- Engage students in innovative, scholarly evidence-based practice inquiry in their chosen field of nursing.
- Provide DNP graduates with the necessary skills to become competent in translating research into practice, evaluating evidence, applying research in decision making, and implementing innovations to improve health and healthcare outcomes.
- Prepare students to make contributions to the knowledge and practice of nursing, meet demands of the increasing complexity of the healthcare system, improve the quality of patient care delivery and outcomes, and influence health care policy.
Application for admission to the DNP Program is made through the Gardner-Webb University Graduate School. In order to enroll students from a variety of nursing backgrounds with the greatest potential for successfully completing the program, the following criteria will be used for consideration of acceptance:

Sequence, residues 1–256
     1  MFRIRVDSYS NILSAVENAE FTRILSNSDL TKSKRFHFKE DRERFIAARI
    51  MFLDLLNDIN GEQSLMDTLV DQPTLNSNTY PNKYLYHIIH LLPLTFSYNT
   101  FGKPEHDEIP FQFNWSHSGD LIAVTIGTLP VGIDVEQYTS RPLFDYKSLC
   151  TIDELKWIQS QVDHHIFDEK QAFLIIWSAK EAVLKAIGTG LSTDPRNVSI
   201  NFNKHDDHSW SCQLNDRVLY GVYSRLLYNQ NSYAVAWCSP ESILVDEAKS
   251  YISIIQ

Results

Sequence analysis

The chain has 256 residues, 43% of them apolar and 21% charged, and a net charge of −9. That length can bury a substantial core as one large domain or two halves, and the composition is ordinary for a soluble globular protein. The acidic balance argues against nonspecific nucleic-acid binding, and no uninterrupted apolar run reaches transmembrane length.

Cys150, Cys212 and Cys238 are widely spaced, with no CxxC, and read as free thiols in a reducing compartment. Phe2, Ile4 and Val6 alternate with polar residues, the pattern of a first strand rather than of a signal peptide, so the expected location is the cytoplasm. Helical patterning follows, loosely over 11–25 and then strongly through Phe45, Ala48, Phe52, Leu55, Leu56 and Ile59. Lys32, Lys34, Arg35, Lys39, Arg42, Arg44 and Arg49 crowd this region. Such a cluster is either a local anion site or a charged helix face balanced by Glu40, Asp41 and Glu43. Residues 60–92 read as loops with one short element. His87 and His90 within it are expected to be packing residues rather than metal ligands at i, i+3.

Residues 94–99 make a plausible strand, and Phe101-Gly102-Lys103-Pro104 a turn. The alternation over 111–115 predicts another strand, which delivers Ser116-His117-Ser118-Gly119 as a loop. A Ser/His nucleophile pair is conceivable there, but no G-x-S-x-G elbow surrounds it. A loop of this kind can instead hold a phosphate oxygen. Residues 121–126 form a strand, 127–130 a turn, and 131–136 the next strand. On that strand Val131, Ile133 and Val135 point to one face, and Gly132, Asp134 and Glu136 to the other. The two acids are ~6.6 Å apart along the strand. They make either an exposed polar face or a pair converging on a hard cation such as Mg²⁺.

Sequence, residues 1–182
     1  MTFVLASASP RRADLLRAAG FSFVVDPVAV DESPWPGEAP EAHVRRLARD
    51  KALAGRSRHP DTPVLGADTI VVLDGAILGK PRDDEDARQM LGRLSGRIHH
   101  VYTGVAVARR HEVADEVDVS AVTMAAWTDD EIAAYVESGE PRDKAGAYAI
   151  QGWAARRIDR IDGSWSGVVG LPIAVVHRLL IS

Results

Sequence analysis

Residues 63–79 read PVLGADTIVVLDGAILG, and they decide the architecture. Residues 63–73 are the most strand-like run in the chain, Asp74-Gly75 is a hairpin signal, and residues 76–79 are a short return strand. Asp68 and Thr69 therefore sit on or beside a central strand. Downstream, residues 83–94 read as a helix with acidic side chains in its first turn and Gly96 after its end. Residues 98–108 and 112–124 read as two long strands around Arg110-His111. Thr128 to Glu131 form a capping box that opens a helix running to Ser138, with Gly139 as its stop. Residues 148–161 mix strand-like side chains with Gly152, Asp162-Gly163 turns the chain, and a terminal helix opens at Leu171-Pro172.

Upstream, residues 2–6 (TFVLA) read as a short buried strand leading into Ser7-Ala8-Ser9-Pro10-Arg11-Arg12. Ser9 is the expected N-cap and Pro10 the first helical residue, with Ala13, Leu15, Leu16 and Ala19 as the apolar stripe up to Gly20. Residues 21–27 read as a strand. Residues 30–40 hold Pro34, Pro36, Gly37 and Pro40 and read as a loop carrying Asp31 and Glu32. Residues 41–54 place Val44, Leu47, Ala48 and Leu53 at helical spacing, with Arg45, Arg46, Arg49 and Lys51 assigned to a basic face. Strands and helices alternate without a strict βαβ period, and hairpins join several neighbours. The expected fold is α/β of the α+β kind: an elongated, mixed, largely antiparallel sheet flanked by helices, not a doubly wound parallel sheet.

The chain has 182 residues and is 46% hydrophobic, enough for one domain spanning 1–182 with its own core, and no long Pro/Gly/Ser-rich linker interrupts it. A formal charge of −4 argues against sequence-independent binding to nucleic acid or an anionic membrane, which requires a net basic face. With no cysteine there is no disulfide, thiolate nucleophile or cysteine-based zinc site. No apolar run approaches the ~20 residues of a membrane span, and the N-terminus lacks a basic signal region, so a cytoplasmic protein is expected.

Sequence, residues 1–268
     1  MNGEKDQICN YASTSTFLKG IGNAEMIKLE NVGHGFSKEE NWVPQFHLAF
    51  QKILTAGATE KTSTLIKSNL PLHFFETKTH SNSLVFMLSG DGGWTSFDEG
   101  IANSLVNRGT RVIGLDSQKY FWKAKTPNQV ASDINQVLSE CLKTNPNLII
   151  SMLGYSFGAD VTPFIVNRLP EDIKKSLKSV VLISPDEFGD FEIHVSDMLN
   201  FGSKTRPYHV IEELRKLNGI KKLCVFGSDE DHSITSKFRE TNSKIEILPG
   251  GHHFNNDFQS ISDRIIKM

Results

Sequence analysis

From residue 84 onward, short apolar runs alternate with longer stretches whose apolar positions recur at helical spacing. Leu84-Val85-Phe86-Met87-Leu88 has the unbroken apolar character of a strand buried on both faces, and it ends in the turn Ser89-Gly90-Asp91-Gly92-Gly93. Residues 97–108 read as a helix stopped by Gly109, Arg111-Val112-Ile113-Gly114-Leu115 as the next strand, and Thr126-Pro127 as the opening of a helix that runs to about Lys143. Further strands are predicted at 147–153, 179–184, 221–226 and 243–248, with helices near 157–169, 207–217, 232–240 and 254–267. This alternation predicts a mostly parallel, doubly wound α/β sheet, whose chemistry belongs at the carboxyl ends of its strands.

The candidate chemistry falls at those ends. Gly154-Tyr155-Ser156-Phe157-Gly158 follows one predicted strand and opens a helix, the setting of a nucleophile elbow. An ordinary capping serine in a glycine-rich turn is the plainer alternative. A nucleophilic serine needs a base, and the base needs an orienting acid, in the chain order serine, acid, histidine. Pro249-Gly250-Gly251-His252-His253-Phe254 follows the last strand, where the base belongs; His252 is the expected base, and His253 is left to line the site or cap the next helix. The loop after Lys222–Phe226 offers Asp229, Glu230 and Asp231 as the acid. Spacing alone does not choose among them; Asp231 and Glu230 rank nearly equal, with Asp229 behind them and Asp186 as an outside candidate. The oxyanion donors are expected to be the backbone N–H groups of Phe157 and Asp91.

- Graduate School Application (available and submitted online).
- Current unrestricted licensure to practice as a Registered Nurse (verified online by Graduate Admissions).
- Cumulative GPA of 3.20 on all previous graduate coursework as evidenced by official graduate transcripts.
- MSN Degree from a regionally accredited institution with a nationally accredited program as evidenced by official graduate transcripts.
- Certifications in practice area (if applicable).
- Verification of immunizations submitted on provided form.
- Three letters of recommendation (professional and academic) submitted on provided form.